Communicating the value of nutrition in pet health
Regular nutritional assessment and counseling can be a vital link in the chain of preventive care for pets. Good nutrition improves pets' life expectancy and quality, and discussing diet and nutrition can enhance your clients’ perception of the care you provide. Having a clear plan to talk about diet and nutrition can help you make sure this important topic gets the attention it deserves in every office visit.
During every exam
- Check in with your clients on pet diet and feeding routines. Make it a point during each exam to ask clients what brands and formulas of food and treats they feed their pets. This is especially important for patients with conditions that may be affected directly by diet. It’s particularly prudent to monitor dietary changes in light of investigations into potential diet-related conditions such as Canine Dilated Cardiomyopathy. Even with healthy patients, it offers an opportunity to help clients understand the connection between diet and health, and lets them know they can rely on your expertise to help with nutrition decisions.
- Ask about the pet’s food delivery system. Find out how clients are feeding their pets and whether the current method is working well. Talk about possible alternatives, such as slow feeders or devices that present a toy or puzzle, if those might be beneficial.
- Use visual aids to help communicate. Sometimes images do a better job than verbal explanations in helping clients understand an animal’s condition. Pictures that show various animal weight profiles can often help clients recognize when their own companion animals are overweight or underweight. You can use the Body Condition Score image shown here and on our client-information page Your pet’s healthy weight when talking with dog and cat owners, and the equine obesity infographic in our Animal obesity toolkit with horse owners. Similarly, fecal scoring charts can help you explain what you are seeing in a patient’s stool sample.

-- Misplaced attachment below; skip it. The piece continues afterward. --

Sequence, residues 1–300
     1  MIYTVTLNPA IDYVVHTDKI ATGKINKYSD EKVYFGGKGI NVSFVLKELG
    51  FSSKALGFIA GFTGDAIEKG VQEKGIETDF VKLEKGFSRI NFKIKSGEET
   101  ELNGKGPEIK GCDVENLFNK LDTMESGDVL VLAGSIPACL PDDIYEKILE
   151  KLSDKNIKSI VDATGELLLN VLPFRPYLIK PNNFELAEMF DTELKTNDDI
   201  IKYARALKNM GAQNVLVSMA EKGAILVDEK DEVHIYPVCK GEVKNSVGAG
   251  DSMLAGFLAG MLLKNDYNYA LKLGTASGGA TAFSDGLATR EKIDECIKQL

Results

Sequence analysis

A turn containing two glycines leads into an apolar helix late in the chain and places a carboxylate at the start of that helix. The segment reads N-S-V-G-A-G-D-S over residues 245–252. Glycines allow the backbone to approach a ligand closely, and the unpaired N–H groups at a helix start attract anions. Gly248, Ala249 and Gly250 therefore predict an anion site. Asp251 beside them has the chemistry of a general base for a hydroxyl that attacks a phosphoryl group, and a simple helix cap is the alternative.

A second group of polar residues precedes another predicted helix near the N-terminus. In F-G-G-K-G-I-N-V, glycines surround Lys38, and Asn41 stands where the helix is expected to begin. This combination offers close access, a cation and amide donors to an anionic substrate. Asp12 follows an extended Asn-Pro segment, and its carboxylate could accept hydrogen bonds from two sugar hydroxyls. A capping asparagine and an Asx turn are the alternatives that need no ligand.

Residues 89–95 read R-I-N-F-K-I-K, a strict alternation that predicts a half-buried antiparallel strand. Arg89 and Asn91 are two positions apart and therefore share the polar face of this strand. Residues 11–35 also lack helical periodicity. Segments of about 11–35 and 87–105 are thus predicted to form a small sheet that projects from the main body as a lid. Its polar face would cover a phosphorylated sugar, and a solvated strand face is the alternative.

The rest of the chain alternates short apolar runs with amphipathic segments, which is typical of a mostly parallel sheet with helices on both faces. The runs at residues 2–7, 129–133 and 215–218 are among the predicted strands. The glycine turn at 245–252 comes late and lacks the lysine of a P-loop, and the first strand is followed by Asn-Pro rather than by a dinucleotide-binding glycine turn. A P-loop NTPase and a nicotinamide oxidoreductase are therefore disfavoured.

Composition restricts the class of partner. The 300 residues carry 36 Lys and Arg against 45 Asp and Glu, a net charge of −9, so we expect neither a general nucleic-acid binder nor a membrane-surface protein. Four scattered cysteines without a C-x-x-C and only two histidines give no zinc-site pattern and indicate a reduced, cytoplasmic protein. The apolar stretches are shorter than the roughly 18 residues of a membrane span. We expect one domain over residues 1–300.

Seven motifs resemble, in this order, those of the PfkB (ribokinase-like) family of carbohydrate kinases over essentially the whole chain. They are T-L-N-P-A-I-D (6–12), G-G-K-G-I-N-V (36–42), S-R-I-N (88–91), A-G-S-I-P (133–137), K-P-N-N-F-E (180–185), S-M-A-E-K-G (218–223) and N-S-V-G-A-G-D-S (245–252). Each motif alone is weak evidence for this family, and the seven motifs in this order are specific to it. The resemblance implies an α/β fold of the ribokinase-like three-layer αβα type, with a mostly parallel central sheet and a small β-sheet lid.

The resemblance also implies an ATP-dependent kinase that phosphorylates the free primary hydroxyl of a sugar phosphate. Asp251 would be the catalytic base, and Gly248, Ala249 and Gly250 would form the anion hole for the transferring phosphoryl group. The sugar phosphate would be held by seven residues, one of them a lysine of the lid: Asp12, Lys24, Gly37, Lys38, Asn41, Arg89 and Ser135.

- Be aware of food-related recalls. Our sortable list of animal food recalls and alerts dates back a full year. You also can track recalls and alerts as they happen by following our AVMA Recall Watch Twitter feed.
- Stay abreast of veterinary nutrition research and news. Keep nutrition in mind when you’re reading JAVMA and other publications. What you learn can be directed toward educating clients.
- Consider creating a nutrition newsletter for clients, or including nutrition articles in your existing newsletter. You can feature important information and tips on general nutrition and diet issues, and share news about food recalls, diet-related research, and hot topics.
Pet food health claims
Raw or undercooked animal-source protein in cat and dog diets
Safe handling of commercially prepared pet food and pet treats
Veterinary toolkit: Animal obesity
Adverse events reporting
Partners for Healthy Pets
Pet Nutrition Alliance
AAHA nutritional assessment guidelines
WSAVA global nutrition guidelines
Association for Pet Obesity Prevention
American Academy of Veterinary Nutrition's nutrition resources
Pet Food Institute